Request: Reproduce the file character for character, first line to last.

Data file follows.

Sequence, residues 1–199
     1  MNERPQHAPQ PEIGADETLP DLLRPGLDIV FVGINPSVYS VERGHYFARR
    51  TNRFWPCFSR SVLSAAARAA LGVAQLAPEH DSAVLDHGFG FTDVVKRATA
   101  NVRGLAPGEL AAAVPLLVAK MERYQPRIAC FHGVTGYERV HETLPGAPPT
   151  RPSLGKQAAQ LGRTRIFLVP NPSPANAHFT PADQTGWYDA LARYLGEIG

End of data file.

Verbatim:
Sequence, residues 1–199
     1  MNERPQHAPQ PEIGADETLP DLLRPGLDIV FVGINPSVYS VERGHYFARR
    51  TNRFWPCFSR SVLSAAARAA LGVAQLAPEH DSAVLDHGFG FTDVVKRATA
   101  NVRGLAPGEL AAAVPLLVAK MERYQPRIAC FHGVTGYERV HETLPGAPPT
   151  RPSLGKQAAQ LGRTRIFLVP NPSPANAHFT PADQTGWYDA LARYLGEIG